Back to the future is more than just the premise for a couple of cheesy movies starring Michael J. Fox. It's also the path that guitarist, bandleader, and critic Greg Tate would have jazz take, if that art form is to survive as anything more than a museum piece. Not for him the orderly perfection of the neotraditionalists; instead, he'd rather jazz returned to the creative chaos of the 1960s and early '70s, when musicians were free to make a mess and in the process sometimes come up with new ways of hearing.
Listening to Tate's band Burnt Sugar, it's easy to hear that its primary inspirations are Miles Davis's Bitches Brew period and jazz-fusion experimentalists Weather Report, with hints of Sly Stone and Jimi Hendrix creeping in around the edges. But that doesn't mean the music sounds dated. As Tate notes, many of the pop innovations of our time were pioneered by jazz musicians more than 30 years ago.
"Miles Davis, Herbie Hancock, Joe Zawinul--all the music they did in the '70s, it sounds as modern as anything anyone is doing on laptops today," he contends, calling from his New York City home. "You know, it's a way of hearing, an application of technology to technology. And what's interesting is that all their innovations have found their way into digitally produced music, whether it's techno or house or clicks, cuts, and scratches."
But the 11-piece Burnt Sugar, which plays Sonar on Sunday (September 19), has a secret weapon that allows it to short-circuit some of the more self-indulgent tendencies of '70s jazz. It's called conduction, a blend of conducting and improvisation that allows a bandleader to craft large-scale spontaneous compositions on-stage, using hand signals to cue different musicians or musical strategies. Though jazz big-band leaders have always used gestural movement to control their flocks, conduction is a more flexible and sophisticated system, and it was devised by Tate's long-time friend, composer and cornetist Butch Morris.
"I've been watching Butch do it ever since he embarked on working with David Murray's big band, kind of inserting the system into David's music," Tate explains. "And I was at the first formal conduction that he did at the Kitchen [a New York arts space], back in 1985. And of course it was astounding to see somebody working that way, where you're essentially pulling together an ensemble that is composed of players from every scene, every genre, and kind of treating them like jigsaw-puzzle pieces that you're kind of throwing in the air and assembling while they fall down. And I just remained intrigued."
Part of what intrigued Tate was the way that conduction, combined with digital sampling technology, allows for the on-stage re-creation of techniques that were once possible only in the recording studio. He cites the pioneering efforts of producer Teo Macero, a Miles Davis collaborator and trained arranger, who would record Davis's jam sessions, then stitch and splice them together into what we heard on records like In a Silent Way or On the Corner.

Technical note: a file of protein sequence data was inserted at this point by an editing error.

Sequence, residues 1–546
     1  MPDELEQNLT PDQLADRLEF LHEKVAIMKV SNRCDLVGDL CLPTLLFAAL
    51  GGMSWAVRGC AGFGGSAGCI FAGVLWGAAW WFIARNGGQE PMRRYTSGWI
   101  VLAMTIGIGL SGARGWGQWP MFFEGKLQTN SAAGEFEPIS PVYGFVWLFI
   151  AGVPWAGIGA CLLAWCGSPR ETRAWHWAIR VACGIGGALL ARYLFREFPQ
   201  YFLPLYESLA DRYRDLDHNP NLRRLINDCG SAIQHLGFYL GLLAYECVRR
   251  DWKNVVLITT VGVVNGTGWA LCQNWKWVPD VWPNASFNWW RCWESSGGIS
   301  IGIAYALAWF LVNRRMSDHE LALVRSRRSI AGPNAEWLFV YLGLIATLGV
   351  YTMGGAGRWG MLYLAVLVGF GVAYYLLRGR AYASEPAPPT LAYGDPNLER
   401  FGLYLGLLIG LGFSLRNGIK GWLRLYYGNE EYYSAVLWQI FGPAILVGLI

"Now the technology has advanced to the point where modern musicians can think about doing a lot of those things live, with delays and reverb," he says. "And I really was intrigued by the dynamic of the electric and the acoustic bass. Miles was really on to something with using those together. The acoustic bass gives the music this weight, while the electric just has this bounce and this buoyancy that we respond to from years and years of hearing Sly and Funkadelic and Larry Graham, all those folks."
In addition to Jared Michael Nickerson and Jason Di Matteo on electric and acoustic bass, respectively, the touring version of Burnt Sugar also includes trumpeter Lewis "Flip" Barnes, guitarist Rene Akan, singers Jeremiah and Omega Moon, Qasim Naqvi on drums, Bruce Mack on synthesizer, Mazz Swift on violin, and Julia Kent on cello.
"There's a reason why musicians all over the world are drawn to jazz: it's a way to do both things, the folk thing and the modern thing," he says. "But I think that some of that really got lost in the jazz in the 1980s. I think it became much more parochial, much more insular, and much more cliquish, too. So if I have any kind of quiet agenda going on with this band, it's that I wanted to create a space where African-American musicians can experiment.
"I'm really just disappointed with what so many of the younger black players, players under 40, are doing with the kind of power and access and recording contracts that they have," he adds. "It's just a little too timid. So Burnt Sugar is definitely my stab at saying, 'There is another way.' I'm not saying, 'We are the way' but I do think there are players who want to work without the shackles on."